Jung before Freud, not Freud before Jung: the reception of Jung's work in American psychoanalytic circles between 1904 and 1909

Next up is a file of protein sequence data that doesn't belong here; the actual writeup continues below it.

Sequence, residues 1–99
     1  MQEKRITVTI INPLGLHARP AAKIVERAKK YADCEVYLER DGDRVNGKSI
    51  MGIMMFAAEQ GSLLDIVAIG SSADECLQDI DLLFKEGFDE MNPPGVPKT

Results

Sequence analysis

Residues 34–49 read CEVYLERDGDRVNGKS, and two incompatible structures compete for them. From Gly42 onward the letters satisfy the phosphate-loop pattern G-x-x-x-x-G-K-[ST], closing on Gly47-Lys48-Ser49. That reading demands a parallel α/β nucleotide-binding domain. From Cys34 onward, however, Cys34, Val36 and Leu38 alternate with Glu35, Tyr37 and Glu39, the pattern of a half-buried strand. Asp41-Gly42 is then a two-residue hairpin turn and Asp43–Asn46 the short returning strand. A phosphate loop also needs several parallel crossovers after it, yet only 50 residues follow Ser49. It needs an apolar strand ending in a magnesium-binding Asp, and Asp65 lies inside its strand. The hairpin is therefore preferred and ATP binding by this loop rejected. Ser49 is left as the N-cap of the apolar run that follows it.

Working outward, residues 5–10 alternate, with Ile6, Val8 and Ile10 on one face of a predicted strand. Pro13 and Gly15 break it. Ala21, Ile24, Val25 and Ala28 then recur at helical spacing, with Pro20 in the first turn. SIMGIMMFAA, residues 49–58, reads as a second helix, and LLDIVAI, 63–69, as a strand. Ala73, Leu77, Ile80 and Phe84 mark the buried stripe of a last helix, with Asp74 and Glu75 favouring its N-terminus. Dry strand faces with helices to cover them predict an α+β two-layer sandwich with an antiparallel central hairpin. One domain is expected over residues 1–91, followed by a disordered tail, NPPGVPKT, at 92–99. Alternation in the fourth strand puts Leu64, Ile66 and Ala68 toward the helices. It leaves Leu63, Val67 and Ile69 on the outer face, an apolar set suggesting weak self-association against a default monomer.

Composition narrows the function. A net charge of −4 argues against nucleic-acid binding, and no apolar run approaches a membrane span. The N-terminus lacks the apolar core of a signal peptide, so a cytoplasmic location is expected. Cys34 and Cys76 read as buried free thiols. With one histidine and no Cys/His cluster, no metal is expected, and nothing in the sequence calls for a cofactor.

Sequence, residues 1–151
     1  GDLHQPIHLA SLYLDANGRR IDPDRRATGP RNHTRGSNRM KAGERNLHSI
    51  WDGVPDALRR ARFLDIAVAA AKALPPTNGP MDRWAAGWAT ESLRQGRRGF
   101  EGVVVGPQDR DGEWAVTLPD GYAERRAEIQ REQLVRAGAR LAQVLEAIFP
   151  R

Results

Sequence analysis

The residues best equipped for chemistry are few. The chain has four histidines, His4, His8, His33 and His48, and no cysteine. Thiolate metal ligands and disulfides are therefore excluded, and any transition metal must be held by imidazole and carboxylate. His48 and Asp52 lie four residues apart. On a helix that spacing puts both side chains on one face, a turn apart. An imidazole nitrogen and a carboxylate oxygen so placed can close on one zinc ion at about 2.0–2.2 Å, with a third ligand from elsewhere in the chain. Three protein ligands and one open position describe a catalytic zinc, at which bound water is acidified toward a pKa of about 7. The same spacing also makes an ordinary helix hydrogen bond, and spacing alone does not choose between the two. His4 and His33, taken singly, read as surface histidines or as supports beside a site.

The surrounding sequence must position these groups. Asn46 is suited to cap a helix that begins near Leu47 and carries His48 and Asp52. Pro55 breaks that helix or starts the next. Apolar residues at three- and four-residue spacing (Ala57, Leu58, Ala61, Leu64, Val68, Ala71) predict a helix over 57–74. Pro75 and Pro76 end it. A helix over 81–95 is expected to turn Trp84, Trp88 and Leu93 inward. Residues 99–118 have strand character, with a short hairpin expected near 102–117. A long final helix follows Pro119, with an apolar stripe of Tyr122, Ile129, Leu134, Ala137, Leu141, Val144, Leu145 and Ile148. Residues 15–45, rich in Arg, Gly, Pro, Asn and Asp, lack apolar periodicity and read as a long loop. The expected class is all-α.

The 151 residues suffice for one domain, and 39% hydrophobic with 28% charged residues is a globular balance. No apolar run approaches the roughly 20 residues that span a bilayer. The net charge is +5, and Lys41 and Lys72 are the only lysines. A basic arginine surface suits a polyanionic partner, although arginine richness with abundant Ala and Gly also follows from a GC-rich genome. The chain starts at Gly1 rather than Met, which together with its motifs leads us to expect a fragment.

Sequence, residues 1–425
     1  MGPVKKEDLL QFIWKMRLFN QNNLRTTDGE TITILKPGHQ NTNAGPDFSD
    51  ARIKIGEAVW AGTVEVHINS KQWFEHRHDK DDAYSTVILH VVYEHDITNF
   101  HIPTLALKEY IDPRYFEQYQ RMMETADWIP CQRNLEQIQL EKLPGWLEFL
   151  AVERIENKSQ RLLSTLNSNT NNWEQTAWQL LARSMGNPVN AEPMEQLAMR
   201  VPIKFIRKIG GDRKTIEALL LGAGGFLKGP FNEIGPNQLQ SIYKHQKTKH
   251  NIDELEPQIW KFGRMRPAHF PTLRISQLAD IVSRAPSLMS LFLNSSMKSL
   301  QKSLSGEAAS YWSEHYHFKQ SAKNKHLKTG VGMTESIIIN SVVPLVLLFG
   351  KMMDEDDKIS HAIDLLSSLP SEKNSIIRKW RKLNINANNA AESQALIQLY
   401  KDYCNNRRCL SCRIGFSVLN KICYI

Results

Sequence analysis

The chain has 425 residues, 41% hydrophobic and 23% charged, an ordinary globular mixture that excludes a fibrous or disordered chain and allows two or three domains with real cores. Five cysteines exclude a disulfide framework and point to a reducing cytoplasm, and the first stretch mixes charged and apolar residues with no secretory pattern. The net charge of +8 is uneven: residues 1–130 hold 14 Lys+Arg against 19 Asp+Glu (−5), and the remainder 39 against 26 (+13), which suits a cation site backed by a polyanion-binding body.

A review is first presented of the new Jung scholarship – that Jung is to be properly understood, not as a disciple of Freud, but as the twentieth century exponent of the symbolic hypothesis in the tradition of the late nineteenth century psychologies of transcendence. This is followed by an outline of the so-called French-Swiss-English and American psychotherapeutic alliance, of which Jung was a part, and the cross-cultural mediumistic psychology of the subconscious it promoted, chiefly through the works of William James, F. W. H. Myers, and Théodore Flournoy. Focusing on the experimental work of the Swiss-American pathologist Adolph Meyer and the American neurologist Frederick Peterson, evidence is then produced to show that Jung, before Freud, was more important in American psychotherapeutic circles. His experimental researches into the association method and the psychogalvanic reflex, his study of mediums and connection to Swiss psychiatry had numerous unique alliances with the American scene, particularly because of their similar historical relation between psychology and religion. Therefore, to understand Jung, one must consider the archetypal significance which America held for Jung's own individuation process, as well as the Americanization of Jungian ideas that followed.
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